View Portable Ops Antenna, Tuner and New Keys

Right now I’m contemplating how to cut up a 500 foot spool of wire I bought into a radial system for the vertical. Sounds like tuned elevated radials are the way to go. I’m thinking four each for:   

  • the 40 meter band, whose third harmonic will also resonate on 15 meter (34′ long each),
  • 20 meters (17′ long each),
  • 10 meters (8½’ long each),
  • I’ll also lay out just one radial for 80 meters as it needs to be 66 feet long at ¼λ (gulp!), but at least to pay homage to some balance in nature at those lower freq’s. We’ll see if the LDG autotuner can load up the vertical with any efficiency at all with this set up. I can always add more radials this long, but let’s see how much of a hassle just one is and how well it works.

I’m just using one insulated speaker wire conductor for each radial, crimped and soldered to a ring terminal.   

I’ll tuck two radials into each ring terminal, connect them to the antenna tripod with a few hose clamps(which will be electrically connected to RF ground) before they all hit my 4:1 (voltage) balun, the other side of which will connect to the antenna “radiator” (the vertical 33′ element). The other end of this balun will connect to my tuner via (unbalanced) coax and then the coax feedline to the rig.   

Spreading these radials out, well, radially, out from the antenna’s base a foot or three off the ground (their outer ends insulated and suspended from chunks of sharpened PVC pipes driven into the ground) should keep them at least marginally tuned and elevated (so fewer radials will yield most of the benefit of a far larger number of detuned ground-huggers).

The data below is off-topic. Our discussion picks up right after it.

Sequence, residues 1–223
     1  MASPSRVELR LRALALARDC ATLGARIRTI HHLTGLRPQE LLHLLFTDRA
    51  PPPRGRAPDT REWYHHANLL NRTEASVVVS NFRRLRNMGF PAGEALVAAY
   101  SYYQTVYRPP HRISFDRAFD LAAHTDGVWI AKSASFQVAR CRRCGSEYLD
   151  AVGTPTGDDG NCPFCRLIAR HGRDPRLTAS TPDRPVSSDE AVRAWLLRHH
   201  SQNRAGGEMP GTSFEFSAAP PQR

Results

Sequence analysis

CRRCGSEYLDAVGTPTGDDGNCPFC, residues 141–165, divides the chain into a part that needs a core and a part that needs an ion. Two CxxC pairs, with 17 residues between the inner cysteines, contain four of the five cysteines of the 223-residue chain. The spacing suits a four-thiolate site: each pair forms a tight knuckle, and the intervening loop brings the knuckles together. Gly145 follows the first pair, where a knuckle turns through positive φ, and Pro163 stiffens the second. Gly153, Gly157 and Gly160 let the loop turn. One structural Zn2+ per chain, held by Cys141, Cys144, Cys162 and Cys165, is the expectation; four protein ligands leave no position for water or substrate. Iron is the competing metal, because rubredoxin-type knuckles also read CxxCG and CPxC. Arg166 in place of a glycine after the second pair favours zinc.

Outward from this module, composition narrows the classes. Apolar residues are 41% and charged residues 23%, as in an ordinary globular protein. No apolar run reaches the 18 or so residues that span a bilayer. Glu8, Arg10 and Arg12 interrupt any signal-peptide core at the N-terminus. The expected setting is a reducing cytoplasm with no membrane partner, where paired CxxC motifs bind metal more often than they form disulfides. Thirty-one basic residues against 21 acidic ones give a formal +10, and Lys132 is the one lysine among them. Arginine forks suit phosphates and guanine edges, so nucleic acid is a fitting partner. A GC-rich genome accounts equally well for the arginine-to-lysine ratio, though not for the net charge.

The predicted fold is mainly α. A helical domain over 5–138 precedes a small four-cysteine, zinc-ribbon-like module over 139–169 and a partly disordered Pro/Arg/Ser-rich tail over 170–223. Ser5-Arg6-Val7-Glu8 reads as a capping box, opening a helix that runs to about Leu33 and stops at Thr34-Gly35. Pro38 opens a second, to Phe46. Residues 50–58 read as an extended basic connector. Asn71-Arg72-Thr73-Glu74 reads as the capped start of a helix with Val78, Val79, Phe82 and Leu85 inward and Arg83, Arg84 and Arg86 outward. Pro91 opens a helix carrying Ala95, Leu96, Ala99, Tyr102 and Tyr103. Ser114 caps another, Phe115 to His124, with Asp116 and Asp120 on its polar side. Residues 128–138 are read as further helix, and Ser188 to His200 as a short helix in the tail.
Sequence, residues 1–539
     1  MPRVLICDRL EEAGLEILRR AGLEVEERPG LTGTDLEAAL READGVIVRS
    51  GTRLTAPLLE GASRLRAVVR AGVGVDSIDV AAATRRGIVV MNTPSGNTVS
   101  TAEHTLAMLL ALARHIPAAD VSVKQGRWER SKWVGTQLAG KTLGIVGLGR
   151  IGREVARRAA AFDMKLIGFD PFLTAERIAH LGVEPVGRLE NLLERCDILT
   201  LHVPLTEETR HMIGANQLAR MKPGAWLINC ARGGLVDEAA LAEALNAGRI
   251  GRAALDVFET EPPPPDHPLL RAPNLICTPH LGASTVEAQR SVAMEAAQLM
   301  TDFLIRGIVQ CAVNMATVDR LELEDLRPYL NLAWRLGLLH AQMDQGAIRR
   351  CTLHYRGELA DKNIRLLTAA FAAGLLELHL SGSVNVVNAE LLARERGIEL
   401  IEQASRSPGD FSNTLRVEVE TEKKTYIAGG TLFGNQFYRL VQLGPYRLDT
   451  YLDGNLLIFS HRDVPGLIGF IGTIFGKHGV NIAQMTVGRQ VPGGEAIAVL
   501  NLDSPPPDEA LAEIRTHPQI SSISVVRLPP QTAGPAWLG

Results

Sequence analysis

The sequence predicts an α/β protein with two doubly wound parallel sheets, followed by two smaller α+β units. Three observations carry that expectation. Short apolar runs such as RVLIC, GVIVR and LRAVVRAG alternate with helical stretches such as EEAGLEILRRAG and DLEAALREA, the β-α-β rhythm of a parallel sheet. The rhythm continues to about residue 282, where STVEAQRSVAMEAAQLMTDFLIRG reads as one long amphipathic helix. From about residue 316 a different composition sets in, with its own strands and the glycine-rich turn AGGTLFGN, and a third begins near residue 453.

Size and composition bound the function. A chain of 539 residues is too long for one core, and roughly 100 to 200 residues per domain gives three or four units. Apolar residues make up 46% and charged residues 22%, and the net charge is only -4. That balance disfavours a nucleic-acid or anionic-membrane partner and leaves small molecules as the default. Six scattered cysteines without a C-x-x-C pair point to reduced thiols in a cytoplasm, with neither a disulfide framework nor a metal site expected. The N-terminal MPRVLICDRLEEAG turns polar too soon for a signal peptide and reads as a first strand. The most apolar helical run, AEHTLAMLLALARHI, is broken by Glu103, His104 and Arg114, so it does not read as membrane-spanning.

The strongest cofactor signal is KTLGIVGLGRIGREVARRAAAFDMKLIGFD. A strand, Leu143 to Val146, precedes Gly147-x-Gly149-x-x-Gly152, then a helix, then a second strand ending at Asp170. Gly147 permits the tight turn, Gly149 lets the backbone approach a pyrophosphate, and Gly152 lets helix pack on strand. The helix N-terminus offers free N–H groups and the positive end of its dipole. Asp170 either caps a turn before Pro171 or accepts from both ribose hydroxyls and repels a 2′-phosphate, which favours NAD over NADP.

At least that’s the theory popular these days in the literature.  All I care is that I make a pantload of contacts, not whether I’m losing 0.2 dB to cookin’ earth worms or not.   

Technically, these radials are supposed to be at least a quarter wavelength off the ground to truly minimize near-field losses to Mother Earth and to optimize launching an RF signal outward and upward, but hey, everything is a compromise. This way I can spend just 15 minutes setting up the antenna system and 2 hours operating instead of the other way around. So I don’t score a QSO with JA country. Don’t know anybody in Tokyo (yet) anyhow! 🙂   

My next task will be to organize all this wire in such a way that it’s easy to deploy and “undeploy” for the next time.   

Now its high time I compile all the bad news ($) and face the music. Oh well. Life is short. Now where is that last darn receipt? That’s what Kay gets for sending me to a big ham show all by myself for an entire weekend! 

 In parallel to getting the portable station “to go”, I’ll keep sloggin’ away on the boat QTH, which will present some installation challenges that I also look forward to!  

73 dit dit